Pépita Car from the French Embassy in Canada has driven this project with her contagious enthusiasm and overwhelming energy. Without hesitation Pépita knocked on strangers’ doors to ask them to join the project, to give an hour or two of their precious time out in the freezing cold, to lend us the clothes off their backs, their shoes off their feet and take all their stuff out of the shed. And to my astonishment the Canadians, generous and patient, always replied "Sure why not?!"
This series of 150 photographs represents the participation of both France and the United Kingdom in Ottawa 2017, Canada's 150th anniversary.
© Rip Hopkins 2017
With the April 2017 show in Ottawa and all over Canada, this accumulation of strangely intimate and disconcerting portraits is going to make a book, all thanks to you ! A book immortalising today’s Canadians and Canada like you’ve never seen, expected or imagined it before.
The book is beautifully made. Filigranes Editions is considerered as being France's avant-garde publisher of photography books. The book will be printed by Die Keure in Bruges (Belgium), one of Europe's best printers with an obsession for detail and quality. Thick, big and very heavy, this book is above all fun. Even if you don't care about photography, Canada, or Rip, you'll still enjoy it!
Its your money that will make this book exist. How often do you get the chance to give birth to a book in just one click and get it at a bargain basement knock down price - half the shop price ?
- 165 x 240 cm
- 4 colours 350g/m2 Magno gloss
- cover Pantone colour
- 320 pages
Each book is one of a kind !
Don’t judge the book by its cover, because they’re all different. We’ve chopped up the Canadian maple leaf, serving it up to you on each cover just the way you like it – different.
Rip Hopkins – main role
After working for many years with Doctors Without Borders, Rip is still looking for new fields of experimentation and artistic challenges. Whether it's portraits or landscapes, his unusual style juggling between documentary photography and art, always puts people at the centre of his work.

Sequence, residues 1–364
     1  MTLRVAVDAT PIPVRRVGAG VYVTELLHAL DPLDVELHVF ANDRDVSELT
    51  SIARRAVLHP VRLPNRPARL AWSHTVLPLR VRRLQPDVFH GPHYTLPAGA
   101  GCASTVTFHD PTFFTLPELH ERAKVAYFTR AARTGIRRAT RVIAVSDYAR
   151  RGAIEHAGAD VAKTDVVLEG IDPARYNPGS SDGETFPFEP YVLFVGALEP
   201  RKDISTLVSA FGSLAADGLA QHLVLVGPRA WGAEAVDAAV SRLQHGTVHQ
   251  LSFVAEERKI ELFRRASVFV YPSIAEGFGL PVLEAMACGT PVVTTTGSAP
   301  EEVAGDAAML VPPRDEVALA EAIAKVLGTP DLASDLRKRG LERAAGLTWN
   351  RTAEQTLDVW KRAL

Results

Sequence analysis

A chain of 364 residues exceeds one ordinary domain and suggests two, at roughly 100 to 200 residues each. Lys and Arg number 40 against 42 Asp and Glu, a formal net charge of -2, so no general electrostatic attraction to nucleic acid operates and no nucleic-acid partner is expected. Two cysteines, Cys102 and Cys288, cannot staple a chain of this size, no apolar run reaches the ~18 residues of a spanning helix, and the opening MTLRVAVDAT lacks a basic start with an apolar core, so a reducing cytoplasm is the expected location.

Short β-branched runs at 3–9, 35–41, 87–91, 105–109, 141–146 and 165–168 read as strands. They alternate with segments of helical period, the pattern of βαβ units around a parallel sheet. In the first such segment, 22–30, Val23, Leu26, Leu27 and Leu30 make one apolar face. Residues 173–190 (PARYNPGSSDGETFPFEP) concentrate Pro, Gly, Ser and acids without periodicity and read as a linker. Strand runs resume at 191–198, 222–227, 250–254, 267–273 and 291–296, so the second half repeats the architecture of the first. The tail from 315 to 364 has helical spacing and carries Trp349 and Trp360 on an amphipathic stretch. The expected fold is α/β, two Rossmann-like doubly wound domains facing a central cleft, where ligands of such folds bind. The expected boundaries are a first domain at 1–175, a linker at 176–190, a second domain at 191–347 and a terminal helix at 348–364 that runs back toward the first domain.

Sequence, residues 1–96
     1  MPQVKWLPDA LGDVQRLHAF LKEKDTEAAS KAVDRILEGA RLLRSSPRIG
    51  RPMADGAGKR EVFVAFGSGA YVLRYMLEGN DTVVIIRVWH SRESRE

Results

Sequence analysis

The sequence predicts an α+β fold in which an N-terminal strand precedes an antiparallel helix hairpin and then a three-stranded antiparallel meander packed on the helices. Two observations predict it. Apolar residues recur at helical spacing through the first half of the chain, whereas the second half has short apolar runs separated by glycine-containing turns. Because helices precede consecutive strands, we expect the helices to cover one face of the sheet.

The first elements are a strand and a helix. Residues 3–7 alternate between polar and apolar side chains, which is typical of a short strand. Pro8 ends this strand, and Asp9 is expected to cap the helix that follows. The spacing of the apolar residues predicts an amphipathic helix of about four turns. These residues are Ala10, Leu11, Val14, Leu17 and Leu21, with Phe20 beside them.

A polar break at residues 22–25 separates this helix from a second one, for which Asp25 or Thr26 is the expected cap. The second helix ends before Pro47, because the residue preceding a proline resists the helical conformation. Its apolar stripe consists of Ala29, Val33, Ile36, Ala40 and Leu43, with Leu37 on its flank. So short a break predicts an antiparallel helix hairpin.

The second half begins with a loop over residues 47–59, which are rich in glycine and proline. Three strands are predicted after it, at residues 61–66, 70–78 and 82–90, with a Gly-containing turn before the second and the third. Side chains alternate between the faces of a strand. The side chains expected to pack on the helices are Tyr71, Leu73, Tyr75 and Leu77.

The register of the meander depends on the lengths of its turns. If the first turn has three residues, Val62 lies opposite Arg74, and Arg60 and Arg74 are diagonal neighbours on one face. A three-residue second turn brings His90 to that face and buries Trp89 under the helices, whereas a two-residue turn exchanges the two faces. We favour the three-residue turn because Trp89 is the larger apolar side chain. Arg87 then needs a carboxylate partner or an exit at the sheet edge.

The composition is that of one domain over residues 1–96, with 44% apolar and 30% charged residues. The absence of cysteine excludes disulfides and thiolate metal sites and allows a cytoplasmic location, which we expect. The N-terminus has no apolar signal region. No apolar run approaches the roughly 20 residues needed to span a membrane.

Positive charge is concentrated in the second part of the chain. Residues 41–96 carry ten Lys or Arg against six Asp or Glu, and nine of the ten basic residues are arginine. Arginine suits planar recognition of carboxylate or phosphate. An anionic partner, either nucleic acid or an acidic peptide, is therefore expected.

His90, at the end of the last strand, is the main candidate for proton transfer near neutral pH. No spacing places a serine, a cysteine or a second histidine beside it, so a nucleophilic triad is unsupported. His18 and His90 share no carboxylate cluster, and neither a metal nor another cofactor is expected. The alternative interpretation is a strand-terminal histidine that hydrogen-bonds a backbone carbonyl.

Patrick Le Bescont – director
A long time friend and fan, Patrick has accompanied many of Rip's crazy projects. Patrick is also the founder and director of Filigranes Editions, an audacious French publishing house specialising in quality photography and printing.
Pépita Car – producer
It takes a spark for each engine. Pépita was the initiator and brains behind this adventure. From the beginning to the end, Pépita was a one-(wo)man band. Producer, driver, author, researcher - she did everything. Working at the French Embassy in Canada, she travelled to-and-fro between her office and the crime scenes.
Jean-Charles Bassenne – chief cameraman
On graduation from Besançon School of Fine Arts, Jean-Charles has worked with many design studios - notably Apeloig studio. He now works as an independant graphic designer in Paris.
Christophe Caudroy – editor
When he's not on the other side of the world taking photos for a project or with his students at Ecole Louis Lumière, Christophe is a photographer based in Paris. For more than ten years Christophe has been Rip's photo angel rescuing Rip's images from dire straits, because let's face it Rip has no idea about photoshop!
Valérie Bournet – production designer
Valérie is an actress and co-director of the Agency of Imaginary Voyages, one of France's main theatre troupes. She will be designing and setting up our exhibtion in Ottawa - that is when she's not egging on the team to take the project even further!
*** Project developed with the support of Ottawa 2017! ***